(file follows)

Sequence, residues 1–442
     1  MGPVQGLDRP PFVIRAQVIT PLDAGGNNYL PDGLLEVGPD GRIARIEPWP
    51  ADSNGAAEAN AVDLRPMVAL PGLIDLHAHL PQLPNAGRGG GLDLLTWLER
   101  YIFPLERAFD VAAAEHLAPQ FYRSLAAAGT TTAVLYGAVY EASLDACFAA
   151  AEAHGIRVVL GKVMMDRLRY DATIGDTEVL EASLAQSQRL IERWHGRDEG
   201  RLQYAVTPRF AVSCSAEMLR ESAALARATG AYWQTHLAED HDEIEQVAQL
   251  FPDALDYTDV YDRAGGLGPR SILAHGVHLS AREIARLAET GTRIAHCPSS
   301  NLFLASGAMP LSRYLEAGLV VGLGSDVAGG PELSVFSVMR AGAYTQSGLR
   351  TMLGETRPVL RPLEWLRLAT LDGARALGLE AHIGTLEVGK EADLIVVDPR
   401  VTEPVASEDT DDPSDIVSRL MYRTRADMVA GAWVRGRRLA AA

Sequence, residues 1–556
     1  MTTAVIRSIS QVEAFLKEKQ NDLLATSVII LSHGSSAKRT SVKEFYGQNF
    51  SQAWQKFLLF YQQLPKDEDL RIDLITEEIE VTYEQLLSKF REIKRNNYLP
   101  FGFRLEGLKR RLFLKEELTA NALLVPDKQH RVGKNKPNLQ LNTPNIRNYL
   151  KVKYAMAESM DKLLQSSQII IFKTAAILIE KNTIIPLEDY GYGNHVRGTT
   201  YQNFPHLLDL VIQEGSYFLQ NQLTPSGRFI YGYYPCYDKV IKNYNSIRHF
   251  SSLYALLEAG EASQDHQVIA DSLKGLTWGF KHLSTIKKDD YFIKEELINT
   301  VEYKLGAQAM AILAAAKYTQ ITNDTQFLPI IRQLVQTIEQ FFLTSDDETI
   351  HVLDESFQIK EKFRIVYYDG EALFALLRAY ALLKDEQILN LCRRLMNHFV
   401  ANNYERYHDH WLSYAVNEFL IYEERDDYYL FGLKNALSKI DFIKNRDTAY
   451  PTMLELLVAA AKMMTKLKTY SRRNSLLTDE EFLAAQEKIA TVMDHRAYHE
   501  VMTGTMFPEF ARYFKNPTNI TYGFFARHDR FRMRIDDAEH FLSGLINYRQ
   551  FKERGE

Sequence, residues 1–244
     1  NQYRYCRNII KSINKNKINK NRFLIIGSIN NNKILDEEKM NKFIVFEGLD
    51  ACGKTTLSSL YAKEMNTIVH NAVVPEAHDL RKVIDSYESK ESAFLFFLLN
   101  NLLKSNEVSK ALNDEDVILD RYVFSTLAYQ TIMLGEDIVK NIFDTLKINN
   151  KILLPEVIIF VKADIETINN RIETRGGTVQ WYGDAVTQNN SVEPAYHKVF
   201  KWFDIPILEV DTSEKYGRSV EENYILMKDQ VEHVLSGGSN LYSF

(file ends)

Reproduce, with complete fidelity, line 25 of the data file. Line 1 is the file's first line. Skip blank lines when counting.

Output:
     1  NQYRYCRNII KSINKNKINK NRFLIIGSIN NNKILDEEKM NKFIVFEGLD